Here’s a legislative update from NFIB State Director Nathan Humphrey:
While there will be many issues lawmakers may take up during this year’s regular session, the only issue they’re constitutionally required to address is the state budget.
Governor Kemp gave his state of the state address on Jan. 14 and presented his budget proposals and recommendations to the Senate and House budget committees.
One issue that small business owners in Georgia across the political spectrum can agree on is that the Georgia economy is open and small businesses are able to stay open.
While small businesses in many states have found themselves shut down completely and faced with the prospect of laying off employees and losing their businesses forever, Georgia has taken strong steps to allow small business owners to have a fighting chance to survive this pandemic and economic crisis.
Georgia’s unemployment rate is around 5.7%, well below the national average after hitting an all-time high of 12.6% in April during the height of the pandemic.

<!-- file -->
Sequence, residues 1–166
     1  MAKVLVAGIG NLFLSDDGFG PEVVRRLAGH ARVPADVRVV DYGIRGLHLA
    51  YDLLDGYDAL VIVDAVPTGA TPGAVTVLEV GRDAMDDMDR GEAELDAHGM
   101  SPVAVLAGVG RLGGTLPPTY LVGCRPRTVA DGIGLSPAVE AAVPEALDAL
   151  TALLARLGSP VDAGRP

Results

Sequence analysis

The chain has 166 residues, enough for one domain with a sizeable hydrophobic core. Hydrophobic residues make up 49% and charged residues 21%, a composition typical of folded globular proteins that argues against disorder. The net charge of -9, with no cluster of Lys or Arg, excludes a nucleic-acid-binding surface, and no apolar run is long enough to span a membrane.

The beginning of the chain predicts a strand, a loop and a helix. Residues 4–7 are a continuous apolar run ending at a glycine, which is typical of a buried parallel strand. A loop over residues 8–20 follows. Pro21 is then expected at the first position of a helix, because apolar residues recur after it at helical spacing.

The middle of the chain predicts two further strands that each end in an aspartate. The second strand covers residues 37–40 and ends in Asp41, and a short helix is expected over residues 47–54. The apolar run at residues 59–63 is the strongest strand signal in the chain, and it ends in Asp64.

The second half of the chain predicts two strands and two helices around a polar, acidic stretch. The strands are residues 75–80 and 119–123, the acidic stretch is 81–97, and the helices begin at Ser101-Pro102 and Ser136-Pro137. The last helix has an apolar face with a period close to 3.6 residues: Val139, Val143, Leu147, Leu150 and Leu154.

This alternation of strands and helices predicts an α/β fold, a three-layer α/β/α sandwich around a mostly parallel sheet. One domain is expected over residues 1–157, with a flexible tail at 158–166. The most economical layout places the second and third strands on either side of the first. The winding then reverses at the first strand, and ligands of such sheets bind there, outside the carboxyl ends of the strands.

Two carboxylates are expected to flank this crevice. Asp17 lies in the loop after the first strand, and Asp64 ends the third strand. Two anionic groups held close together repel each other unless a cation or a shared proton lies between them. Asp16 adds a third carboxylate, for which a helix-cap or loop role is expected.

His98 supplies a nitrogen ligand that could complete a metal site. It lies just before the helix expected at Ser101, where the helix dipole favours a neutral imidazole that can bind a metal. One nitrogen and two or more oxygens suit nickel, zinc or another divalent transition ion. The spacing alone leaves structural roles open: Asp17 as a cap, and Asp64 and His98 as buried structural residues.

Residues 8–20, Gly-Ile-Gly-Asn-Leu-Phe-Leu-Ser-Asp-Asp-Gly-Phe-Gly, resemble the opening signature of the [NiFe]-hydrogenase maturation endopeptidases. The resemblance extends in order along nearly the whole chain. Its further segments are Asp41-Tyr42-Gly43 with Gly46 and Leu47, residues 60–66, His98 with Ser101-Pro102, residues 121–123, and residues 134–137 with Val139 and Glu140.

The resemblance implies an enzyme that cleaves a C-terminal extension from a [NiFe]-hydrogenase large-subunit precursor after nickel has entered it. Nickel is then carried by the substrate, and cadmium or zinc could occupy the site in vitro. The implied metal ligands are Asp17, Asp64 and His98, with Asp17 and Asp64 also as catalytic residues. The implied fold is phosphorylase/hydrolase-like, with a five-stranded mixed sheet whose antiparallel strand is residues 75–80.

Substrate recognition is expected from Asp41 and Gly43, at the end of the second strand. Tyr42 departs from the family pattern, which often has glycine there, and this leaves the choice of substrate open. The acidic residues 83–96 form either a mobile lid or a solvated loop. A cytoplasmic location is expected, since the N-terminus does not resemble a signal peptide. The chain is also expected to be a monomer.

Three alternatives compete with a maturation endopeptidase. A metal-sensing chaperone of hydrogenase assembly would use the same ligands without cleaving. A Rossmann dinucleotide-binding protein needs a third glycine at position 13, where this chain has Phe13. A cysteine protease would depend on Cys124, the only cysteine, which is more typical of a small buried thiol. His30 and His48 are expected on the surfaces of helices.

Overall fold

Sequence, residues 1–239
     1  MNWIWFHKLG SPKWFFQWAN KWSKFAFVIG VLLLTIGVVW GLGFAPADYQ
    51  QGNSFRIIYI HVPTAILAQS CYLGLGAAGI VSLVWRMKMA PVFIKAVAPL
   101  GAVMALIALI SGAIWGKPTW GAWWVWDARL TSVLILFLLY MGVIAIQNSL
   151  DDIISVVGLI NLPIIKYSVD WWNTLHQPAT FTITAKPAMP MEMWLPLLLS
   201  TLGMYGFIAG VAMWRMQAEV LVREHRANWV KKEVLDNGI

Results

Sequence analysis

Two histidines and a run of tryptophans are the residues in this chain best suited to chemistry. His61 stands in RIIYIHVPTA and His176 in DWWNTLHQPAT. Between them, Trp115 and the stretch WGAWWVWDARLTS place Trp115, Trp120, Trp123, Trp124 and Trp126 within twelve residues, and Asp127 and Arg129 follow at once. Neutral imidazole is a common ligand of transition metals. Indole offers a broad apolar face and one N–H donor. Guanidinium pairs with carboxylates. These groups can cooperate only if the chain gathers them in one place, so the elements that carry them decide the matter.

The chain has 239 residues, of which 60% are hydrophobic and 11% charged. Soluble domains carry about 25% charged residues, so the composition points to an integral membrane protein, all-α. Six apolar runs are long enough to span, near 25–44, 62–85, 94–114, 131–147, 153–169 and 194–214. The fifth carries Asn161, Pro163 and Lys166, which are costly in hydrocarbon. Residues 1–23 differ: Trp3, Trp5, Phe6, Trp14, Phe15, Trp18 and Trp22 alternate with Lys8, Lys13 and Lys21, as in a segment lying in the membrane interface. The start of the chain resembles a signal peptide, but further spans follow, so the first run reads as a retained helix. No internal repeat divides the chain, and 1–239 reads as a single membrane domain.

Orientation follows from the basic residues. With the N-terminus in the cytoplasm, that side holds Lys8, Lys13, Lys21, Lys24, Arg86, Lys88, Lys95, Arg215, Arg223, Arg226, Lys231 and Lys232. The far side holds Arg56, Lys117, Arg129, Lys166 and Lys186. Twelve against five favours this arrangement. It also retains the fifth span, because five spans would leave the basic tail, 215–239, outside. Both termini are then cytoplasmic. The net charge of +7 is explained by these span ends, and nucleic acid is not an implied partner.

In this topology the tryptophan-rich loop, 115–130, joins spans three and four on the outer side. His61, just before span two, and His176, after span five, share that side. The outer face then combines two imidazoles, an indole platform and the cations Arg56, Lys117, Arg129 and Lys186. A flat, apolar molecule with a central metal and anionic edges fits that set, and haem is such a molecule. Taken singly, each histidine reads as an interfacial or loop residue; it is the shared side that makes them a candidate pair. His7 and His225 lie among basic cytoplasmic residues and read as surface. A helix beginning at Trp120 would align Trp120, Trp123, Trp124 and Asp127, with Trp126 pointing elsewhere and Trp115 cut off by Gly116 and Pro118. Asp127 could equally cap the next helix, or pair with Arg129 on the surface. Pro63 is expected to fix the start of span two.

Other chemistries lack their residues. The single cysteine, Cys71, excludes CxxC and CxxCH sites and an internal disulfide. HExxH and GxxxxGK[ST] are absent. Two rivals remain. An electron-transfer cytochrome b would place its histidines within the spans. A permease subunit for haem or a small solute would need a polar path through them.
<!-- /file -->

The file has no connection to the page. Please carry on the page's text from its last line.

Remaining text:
While other states are faced with drastic revenue shortfalls, Georgia revenue collections are on track to run as much as $1.5 billion above predictions. State tax collections have been strong during the first half of fiscal 2021. Through December, collections are up $722 million, or 6.1%.
Governor Kemp announced that his new budget proposals will not include any drastic budget cuts or tax increases this year. Also, the state will not have to tap into its revenue shortfall reserve “rainy day” fund to cover the cost of state government.
Lastly, Governor Kemp allocated $1.5 billion in Coronavirus Relief Funds from the CARES Act to the state’s Unemployment Insurance Trust Fund in an effort to curb future unemployment tax hikes. This is a very big deal for Georgia small businesses. According to the governor’s office, the allocation will save the average Georgia employer approximately $350 per year for each employed worker.
While many Georgia small business owners are struggling, Georgia remains one of the best states in the country in which to own and operate a small business. We’ll work hard during this year’s session to keep it that way.